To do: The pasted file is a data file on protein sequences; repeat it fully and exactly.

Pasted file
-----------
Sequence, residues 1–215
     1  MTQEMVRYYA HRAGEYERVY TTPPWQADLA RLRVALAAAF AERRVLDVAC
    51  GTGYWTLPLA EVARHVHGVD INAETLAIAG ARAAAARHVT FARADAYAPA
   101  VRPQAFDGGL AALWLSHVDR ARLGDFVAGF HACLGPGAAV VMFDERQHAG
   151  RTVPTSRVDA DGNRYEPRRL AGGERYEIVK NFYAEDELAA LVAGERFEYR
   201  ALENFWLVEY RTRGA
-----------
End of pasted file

Sequence, residues 1–215
     1  MTQEMVRYYA HRAGEYERVY TTPPWQADLA RLRVALAAAF AERRVLDVAC
    51  GTGYWTLPLA EVARHVHGVD INAETLAIAG ARAAAARHVT FARADAYAPA
   101  VRPQAFDGGL AALWLSHVDR ARLGDFVAGF HACLGPGAAV VMFDERQHAG
   151  RTVPTSRVDA DGNRYEPRRL AGGERYEIVK NFYAEDELAA LVAGERFEYR
   201  ALENFWLVEY RTRGA